Computational BioMedicine Laboratory


Category: national

Project Title: Casual-based Variable Selection for Omics Data

Funding Organization: GSRT/National Strategic Reference Framework (NSRF) 2007-2013

Programme: ARISTEIA II

Coordinator: Foundation for Research and Technology-HEllas


Duration: 31/01/2014-31/07/2015

Expiration Date: 2015

Total Budget: 210000

FORTH ICS budget: 210000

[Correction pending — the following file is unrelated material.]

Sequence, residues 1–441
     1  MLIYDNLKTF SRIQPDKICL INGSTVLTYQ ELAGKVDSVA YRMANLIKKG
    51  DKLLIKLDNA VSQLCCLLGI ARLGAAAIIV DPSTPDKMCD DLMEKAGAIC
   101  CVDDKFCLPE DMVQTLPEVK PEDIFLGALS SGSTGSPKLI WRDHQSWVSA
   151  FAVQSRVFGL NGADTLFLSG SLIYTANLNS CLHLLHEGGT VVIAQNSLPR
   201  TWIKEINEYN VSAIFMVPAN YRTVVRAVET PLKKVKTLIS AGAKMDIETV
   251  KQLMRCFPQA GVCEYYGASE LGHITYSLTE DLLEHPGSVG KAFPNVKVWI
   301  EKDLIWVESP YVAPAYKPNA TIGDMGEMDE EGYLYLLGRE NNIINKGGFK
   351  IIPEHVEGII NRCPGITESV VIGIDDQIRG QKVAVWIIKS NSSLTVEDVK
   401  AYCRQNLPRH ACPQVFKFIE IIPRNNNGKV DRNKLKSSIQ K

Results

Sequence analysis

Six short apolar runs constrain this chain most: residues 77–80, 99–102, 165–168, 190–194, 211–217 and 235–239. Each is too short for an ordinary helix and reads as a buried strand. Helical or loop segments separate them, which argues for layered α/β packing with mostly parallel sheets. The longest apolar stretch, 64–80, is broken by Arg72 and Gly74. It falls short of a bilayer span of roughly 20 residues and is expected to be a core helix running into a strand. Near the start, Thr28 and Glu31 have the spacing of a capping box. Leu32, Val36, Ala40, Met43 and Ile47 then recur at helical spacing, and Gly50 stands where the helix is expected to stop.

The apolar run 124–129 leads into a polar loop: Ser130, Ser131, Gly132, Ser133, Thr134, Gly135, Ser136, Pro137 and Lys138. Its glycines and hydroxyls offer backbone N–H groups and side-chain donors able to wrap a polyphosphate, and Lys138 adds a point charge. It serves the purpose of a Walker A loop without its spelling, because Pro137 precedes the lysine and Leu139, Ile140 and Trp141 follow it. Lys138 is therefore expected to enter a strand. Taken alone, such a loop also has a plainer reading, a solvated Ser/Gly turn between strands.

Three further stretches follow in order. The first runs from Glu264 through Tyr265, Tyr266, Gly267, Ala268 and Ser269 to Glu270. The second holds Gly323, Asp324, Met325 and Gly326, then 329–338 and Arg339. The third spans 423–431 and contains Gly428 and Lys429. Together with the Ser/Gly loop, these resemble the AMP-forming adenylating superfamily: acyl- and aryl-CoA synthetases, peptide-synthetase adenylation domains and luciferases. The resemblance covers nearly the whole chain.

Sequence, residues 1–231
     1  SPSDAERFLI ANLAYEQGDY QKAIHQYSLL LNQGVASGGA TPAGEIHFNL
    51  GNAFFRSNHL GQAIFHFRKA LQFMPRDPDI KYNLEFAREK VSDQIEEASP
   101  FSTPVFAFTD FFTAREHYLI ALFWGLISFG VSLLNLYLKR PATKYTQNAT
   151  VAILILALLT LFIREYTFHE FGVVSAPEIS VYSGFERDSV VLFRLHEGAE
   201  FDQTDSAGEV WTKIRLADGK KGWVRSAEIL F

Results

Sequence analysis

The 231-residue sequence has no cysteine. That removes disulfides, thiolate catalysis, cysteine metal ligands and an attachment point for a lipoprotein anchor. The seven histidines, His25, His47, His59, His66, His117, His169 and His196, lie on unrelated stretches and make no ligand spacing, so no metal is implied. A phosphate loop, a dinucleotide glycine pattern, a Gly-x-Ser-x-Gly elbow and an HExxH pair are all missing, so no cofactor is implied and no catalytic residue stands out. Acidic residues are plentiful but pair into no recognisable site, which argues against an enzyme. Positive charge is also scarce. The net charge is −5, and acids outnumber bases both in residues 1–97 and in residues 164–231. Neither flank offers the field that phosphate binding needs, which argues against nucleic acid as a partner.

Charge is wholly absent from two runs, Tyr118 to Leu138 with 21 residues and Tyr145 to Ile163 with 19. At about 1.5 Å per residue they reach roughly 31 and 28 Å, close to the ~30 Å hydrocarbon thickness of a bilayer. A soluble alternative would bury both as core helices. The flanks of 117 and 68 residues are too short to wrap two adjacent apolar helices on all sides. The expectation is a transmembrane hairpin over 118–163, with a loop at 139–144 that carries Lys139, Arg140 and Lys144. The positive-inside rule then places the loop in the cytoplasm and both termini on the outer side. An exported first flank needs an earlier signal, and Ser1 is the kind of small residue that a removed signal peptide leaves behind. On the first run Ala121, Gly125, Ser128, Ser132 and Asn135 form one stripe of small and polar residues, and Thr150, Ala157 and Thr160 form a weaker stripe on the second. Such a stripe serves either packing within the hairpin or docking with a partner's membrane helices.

Project Objective: Variable selection is a well-studied, solved problem in machine learning and data mining. Or not? While significant progress has been made when variable selection is employed to increase classification performance, novel and important directions need to be explored when variable selection is employed for understanding the system under study. This is particularly the case when considering the analysis of high-dimensional data, such as omics data (i.e., transcriptomics, next generation sequencing, methylation, etc.). We propose an intense research program to address current pressing needs, particularly in medicine and biology, but also in any high-dimensional data-analysis setting. We set forth new variable selection problems with deep connections to causality and causal theories. We propose to study (a) variable selection for repeated measurements, longitudinal data, (b) variable selection when trying to predict the effect of interventions, such as knocking out a gene, (c) variable selection simultaneously from several heterogeneous datasets, as well as any prior knowledge, (d) variable selection to identify all optimal variable sets, not just one; this is particularly important for low sample size and in the presence of co-linearities, and (e) variable selection for hard distributions where pair-wise associations for important variables disappear (e.g., exclusive OR functions). The algorithms will co-evolve with three important biological applications to maximize the potential impact to human health, as well as ensure they are practical and useful: (I) mesothelioma and lung cancer, (II) chronic lung diseases, and (III) DNA-damage related aging. The applications will be supervised by our national and international biology collaborators. To ensure rapid update of results we will encapsulate the algorithms in easy-to-use tools targeting non-expert users.

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